"I came across some old philosophy books in my study this morning and it got me thinking about the value of an undergraduate degree in philosophy. And I can already hear the jokes, so please keep them to yourself! ; - ) At first glance, a Bachelor of Arts degree in philosophy provides no real practical application in the real world. After all, you will not receive any specific training that can lead to a job, are required to read esoteric texts, and will never arrive at a 'right answer' during a final exam or short quiz. So, why on earth are US colleges and universities struggling to keep up with the demand from students wanting to both take courses and major in philosophy?

As an ex-Philosophy major, I can tell you that my degree is invaluable and I would certainly study the same subject if I had to start all over again (I would maybe throw in a degree in Economics as well). If we cut to the chase, a degree in philosophy provides the following benefits..."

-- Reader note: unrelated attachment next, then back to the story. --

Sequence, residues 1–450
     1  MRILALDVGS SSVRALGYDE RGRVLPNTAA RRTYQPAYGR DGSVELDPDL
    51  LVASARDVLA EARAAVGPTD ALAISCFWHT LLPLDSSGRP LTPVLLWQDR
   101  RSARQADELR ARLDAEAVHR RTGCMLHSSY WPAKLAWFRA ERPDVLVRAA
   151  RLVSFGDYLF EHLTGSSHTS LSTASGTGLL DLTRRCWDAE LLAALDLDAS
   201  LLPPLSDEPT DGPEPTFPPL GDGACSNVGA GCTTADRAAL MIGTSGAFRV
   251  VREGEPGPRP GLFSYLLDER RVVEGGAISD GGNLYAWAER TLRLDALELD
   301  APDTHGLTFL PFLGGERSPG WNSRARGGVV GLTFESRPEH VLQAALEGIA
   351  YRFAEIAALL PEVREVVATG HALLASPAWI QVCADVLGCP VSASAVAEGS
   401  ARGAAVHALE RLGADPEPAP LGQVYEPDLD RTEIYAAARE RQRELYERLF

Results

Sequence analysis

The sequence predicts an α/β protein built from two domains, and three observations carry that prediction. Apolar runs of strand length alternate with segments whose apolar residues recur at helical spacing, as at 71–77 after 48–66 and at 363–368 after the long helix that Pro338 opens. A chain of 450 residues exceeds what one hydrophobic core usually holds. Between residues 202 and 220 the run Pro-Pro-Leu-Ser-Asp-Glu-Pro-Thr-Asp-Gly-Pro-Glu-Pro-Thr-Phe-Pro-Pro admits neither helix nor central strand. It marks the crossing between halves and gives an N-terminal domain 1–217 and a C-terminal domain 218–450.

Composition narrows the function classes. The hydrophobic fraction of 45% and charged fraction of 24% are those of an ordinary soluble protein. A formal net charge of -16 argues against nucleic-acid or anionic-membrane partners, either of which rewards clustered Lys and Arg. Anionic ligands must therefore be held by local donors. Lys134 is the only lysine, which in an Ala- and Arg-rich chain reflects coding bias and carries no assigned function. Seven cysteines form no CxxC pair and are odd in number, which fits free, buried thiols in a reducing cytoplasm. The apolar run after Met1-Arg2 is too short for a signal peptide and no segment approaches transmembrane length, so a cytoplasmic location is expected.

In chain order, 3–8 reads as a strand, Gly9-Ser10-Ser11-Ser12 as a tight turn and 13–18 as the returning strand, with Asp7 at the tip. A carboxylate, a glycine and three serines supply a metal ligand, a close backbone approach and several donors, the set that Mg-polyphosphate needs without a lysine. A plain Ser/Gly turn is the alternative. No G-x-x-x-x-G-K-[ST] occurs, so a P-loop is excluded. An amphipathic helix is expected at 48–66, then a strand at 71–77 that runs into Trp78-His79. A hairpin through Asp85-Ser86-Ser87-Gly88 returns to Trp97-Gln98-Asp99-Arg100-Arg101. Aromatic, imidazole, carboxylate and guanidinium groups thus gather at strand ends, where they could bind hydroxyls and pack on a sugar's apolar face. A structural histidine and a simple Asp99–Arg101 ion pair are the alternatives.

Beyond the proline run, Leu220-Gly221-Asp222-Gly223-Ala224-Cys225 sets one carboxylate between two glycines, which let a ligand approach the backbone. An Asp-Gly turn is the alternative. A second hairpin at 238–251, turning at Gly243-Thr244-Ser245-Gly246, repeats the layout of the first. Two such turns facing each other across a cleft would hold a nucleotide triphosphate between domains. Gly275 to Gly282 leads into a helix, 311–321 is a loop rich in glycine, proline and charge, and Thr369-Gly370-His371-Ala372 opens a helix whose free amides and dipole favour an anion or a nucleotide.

His list of benefits and more: here


Back to me:

To many, philosophy sounds like the least practical thing one can do with one's college career, but even if career earning potential is a major consideration, a recent Wall Street Journal article indicates philosophy majors have even done pretty well financially:

"Your parents might have worried when you chose Philosophy or International Relations as a major. But a year-long survey of 1.2 million people with only a bachelor's degree by PayScale Inc. shows that graduates in these subjects earned 103.5% and 97.8% more, respectively, about 10 years post-commencement. Majors that didn't show as much salary growth include Nursing and Information Technology." (link)

Sunday, December 14, 2008

Abandoning Your Family

Good, funny satirical writing is always too hard to find, but a piece titled Three Simple Ways to Abandon Your Family by Ralpha Gamelli brought some good whole-hearted laughs. Three different means of escape are offered, the first of which being the classic stogie run disappearance: